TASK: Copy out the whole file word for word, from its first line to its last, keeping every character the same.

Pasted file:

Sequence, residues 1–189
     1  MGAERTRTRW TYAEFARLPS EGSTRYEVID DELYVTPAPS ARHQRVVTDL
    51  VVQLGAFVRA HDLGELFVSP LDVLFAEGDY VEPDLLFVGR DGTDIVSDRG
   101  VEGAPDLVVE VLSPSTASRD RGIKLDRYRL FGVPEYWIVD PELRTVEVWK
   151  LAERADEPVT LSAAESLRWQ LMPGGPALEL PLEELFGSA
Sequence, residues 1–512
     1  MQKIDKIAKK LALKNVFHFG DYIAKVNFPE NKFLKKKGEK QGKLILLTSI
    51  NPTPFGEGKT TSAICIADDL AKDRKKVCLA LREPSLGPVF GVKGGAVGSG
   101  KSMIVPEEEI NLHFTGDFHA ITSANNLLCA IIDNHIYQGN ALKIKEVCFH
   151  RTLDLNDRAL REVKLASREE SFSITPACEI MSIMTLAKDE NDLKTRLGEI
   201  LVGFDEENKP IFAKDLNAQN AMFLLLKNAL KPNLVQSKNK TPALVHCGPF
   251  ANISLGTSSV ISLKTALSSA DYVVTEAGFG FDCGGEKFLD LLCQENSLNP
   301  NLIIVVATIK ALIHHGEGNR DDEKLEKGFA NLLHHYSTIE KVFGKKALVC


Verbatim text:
Sequence, residues 1–189
     1  MGAERTRTRW TYAEFARLPS EGSTRYEVID DELYVTPAPS ARHQRVVTDL
    51  VVQLGAFVRA HDLGELFVSP LDVLFAEGDY VEPDLLFVGR DGTDIVSDRG
   101  VEGAPDLVVE VLSPSTASRD RGIKLDRYRL FGVPEYWIVD PELRTVEVWK
   151  LAERADEPVT LSAAESLRWQ LMPGGPALEL PLEELFGSA
Sequence, residues 1–512
     1  MQKIDKIAKK LALKNVFHFG DYIAKVNFPE NKFLKKKGEK QGKLILLTSI
    51  NPTPFGEGKT TSAICIADDL AKDRKKVCLA LREPSLGPVF GVKGGAVGSG
   101  KSMIVPEEEI NLHFTGDFHA ITSANNLLCA IIDNHIYQGN ALKIKEVCFH
   151  RTLDLNDRAL REVKLASREE SFSITPACEI MSIMTLAKDE NDLKTRLGEI
   201  LVGFDEENKP IFAKDLNAQN AMFLLLKNAL KPNLVQSKNK TPALVHCGPF
   251  ANISLGTSSV ISLKTALSSA DYVVTEAGFG FDCGGEKFLD LLCQENSLNP
   301  NLIIVVATIK ALIHHGEGNR DDEKLEKGFA NLLHHYSTIE KVFGKKALVC